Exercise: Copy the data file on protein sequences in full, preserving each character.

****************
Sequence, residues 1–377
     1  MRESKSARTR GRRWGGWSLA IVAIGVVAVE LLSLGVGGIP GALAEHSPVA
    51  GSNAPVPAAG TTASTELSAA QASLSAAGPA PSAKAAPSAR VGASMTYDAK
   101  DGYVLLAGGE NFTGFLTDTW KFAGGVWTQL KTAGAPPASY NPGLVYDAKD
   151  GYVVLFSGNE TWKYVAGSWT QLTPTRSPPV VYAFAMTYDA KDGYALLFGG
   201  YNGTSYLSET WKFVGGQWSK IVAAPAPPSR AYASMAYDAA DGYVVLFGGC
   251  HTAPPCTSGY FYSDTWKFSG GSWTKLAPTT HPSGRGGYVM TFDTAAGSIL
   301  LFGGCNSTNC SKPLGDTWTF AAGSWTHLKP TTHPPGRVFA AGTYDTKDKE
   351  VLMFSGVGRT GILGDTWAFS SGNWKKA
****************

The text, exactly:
Sequence, residues 1–377
     1  MRESKSARTR GRRWGGWSLA IVAIGVVAVE LLSLGVGGIP GALAEHSPVA
    51  GSNAPVPAAG TTASTELSAA QASLSAAGPA PSAKAAPSAR VGASMTYDAK
   101  DGYVLLAGGE NFTGFLTDTW KFAGGVWTQL KTAGAPPASY NPGLVYDAKD
   151  GYVVLFSGNE TWKYVAGSWT QLTPTRSPPV VYAFAMTYDA KDGYALLFGG
   201  YNGTSYLSET WKFVGGQWSK IVAAPAPPSR AYASMAYDAA DGYVVLFGGC
   251  HTAPPCTSGY FYSDTWKFSG GSWTKLAPTT HPSGRGGYVM TFDTAAGSIL
   301  LFGGCNSTNC SKPLGDTWTF AAGSWTHLKP TTHPPGRVFA AGTYDTKDKE
   351  VLMFSGVGRT GILGDTWAFS SGNWKKA